Dynamic email templates are a very common thing and they are interesting to implement. In this tutorial we will create some email templates in our WordPress administration which will get populated by user data and sent to our email after a user registers.

We will create an OOP class that will simplify sending of our email templates.

The code in this tutorial can be used in any personal or commercial project. Be sure to understand the code before you use it in a project.

Creating Email Templates in WordPress

Email templates can be done in various way. They can be used as custom post types or they can be defined as settings. We will go with the second approach where we will make a new settings page with a single email template setting.

First, we are creating a new submenu under the menu Settings. In the callback function ibenic_email_template_submenu_cb we are creating the content of that page. Here we will have a form that will render all the sections and settings that are registered under our new submenu page with the slug email-templates.

Now we need to register settings:

In the first function we are registering our sections and settings. To learn more about the WordPress Settings API read on here. Section function does not display anything but you can add your own text to it. In the field function email_template_user_cb we are displaying the WordPress editor with the attribute id (and name) same as our setting field email_template_user. We are also getting the data from our setting and applying it to the WordPress editor so that it can be changed.

Add this content to WordPress editor and save it:

{{USERNAME}} has registered.

His/her email is {{USEREMAIL}}.

The content inside {{}} are placeholders that will be replaced with real data from our users. Now that our email template is ready, we need to create our class that will be used to handle emailing.

WordPress Email Class

This class will get the content of our template, replace all the placeholders with real data and then send to defined emails. Let’s get started with some simple attribute definitions.

Now that are attributes have been defined, we need to define our constructor method. The constructor method is the core of our class and it will be used to set everything and send the email.

First, we are assigning the emails to our attribute $emails and the subject of the email to the attribute $title. Also, our dynamic data is set to the attribute with the same name. This will be an associative array where the keys will represent the placeholders and the value will be the data that will replace them.

Before we prepare our template we will set it to our attribute $template. This will be the name of our template which is actually the settings field. After that, we are calling the method prepareTemplate. Once the template is prepared, our email is sent.

Let’s define methods that are missing:

The method prepareTemplate is calling our other method that will get our templates’ content. Once our templates’ content has been retrieved, we are replacing every placeholder with the real data.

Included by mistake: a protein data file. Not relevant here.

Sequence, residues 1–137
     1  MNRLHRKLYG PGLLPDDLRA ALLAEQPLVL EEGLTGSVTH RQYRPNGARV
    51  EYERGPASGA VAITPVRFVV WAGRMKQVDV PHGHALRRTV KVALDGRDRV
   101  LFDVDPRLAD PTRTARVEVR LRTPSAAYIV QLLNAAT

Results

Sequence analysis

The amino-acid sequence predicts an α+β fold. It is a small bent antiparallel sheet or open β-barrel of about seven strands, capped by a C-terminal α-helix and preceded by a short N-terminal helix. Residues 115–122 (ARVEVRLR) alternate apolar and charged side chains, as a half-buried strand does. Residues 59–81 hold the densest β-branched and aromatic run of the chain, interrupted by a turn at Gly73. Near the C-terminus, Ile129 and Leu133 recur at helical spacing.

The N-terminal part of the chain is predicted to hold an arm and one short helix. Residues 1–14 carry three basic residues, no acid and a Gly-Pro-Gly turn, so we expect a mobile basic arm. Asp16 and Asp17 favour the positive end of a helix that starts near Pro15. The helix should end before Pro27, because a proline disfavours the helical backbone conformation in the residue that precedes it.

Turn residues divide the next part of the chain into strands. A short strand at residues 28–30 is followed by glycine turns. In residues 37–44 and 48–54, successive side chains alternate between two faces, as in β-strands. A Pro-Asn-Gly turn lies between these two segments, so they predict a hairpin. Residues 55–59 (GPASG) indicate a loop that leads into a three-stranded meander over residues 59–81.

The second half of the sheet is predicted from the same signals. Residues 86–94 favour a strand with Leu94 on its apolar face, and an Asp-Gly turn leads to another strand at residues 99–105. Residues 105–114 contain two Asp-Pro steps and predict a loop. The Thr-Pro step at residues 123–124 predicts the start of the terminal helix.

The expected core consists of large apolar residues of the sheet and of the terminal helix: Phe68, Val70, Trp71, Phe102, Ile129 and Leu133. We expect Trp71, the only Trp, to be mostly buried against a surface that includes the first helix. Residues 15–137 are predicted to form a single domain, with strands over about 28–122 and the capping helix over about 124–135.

In the method getTemplate we are returning the templates’ content. The final method send is calling the function wp_mail to send the email.

Sending the Email on User Registration

We will now hook a function to the action user_register so that we can send the email when a user registers. Since the email for registration will be sent originally by WordPress itself, I want to show you just an example on how to use this class and the email template. You could hook your functions to various actions and send specific emails.

In this hooked function we are getting the WP_User object so that we can access various data. After that, we are populating our dynamic data with placeholder and their value. If you notice it, we have written our placeholders in lowercase. That is not a problem since we have fixed that in our WordPressEmail class by transforming each given placeholder into uppercase values.

We are also getting the admin email. Here we could create an array of various emails if we want to send them to different people. Subject is also dynamically created with the users’ username. The last part is the name of our template and the instantiation of our WordPressEmail class.

Here is an example of that email I have receieved:

Email received from WordPressEmail class using Email Template

As you can see on this image the username was testing_user and the email was testing_user@email.com.

Conclusion

Creating dynamic email templates can be fun. You can define which placeholders will be used in specific email templates and then by using a class similar to WordPressEmail class you can easily create a much better user experience since you can notify them on various particular actions.

I have created several dynamic email templates to send on a purchase, expiration of a service and several other things. You can even notify them if a wishlisted product was sold or a reservation for an appointment has been cancelled so they can sign up.

Have you ever had a need for a dynamic email template or templates? Have you created one and would love to share that? Please do in the comments below.

Posted by Igor Benic

Web Developer who mainly uses WordPress for projects. Working on various project through Codeable & Toptal. Author of several ebooks at https://leanpub.com/u/igorbenic.

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